Wednesday, October 31, 2007

Hand washing not allowed

I hope that all of us in the food industry know just how important hand washing is. If done properly, using hot water and soap, working on all the fingers and paying attention to nails, then rinsing and drying thoroughly, it can significantly reduce the amount of bacterial contamination on the hands. Indeed, there is evidence that clean hand contact with food is far less hazardous than contact from a gloved hand if the operator is not careful about glove use.

Rotavirus infections are highly contagious and commonly affect young children. The main symptoms are watery diarrhoea and vomiting, carrying the risk of dehydration. The outbreaks are often seen in kindergartens and schools. As with all gastrointestinal infections, the main route of infection is directly from improperly washed hands or through contact with contaminated surfaces and toys. The virus is resistant to the environment and to disinfection and will survive on surfaces for a long time, so toilet facilities used by children with watery diarrhoea are obvious transfer points. The time between infection and appearance of symptoms varies from 1 to 3 days.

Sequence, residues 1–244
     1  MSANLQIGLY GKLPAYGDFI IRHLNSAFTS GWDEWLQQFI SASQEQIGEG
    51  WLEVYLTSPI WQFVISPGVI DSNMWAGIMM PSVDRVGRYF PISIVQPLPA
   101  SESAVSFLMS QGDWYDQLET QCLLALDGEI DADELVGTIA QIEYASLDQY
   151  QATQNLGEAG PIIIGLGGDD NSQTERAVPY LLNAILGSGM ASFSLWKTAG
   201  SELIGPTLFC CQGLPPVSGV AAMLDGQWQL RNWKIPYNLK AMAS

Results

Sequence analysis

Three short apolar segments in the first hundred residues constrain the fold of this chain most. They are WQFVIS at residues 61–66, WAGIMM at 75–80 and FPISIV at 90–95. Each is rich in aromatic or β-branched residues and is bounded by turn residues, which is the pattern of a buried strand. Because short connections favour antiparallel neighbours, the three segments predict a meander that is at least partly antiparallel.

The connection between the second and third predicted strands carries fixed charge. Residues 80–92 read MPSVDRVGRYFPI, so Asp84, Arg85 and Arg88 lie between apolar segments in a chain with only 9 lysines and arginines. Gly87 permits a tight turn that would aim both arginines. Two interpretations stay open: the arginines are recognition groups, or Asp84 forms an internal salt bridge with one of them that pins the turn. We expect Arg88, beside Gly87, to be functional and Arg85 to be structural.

OK – so what set me off on this lecture? My daughter in law has just had a new baby and we are obviously very aware of the potential for infection during her first few weeks of life. My son, (he’s an engineer but grew up being indoctrinated about food safety) informed me that there is an outbreak of diarrhoea at his children’s school. He has provided the girls with an alcohol hand wash to use at lunchtime, because apparently the children ARE NOT ALLOWED TO WASH BEFORE LUNCH. What kind of education for life is that?

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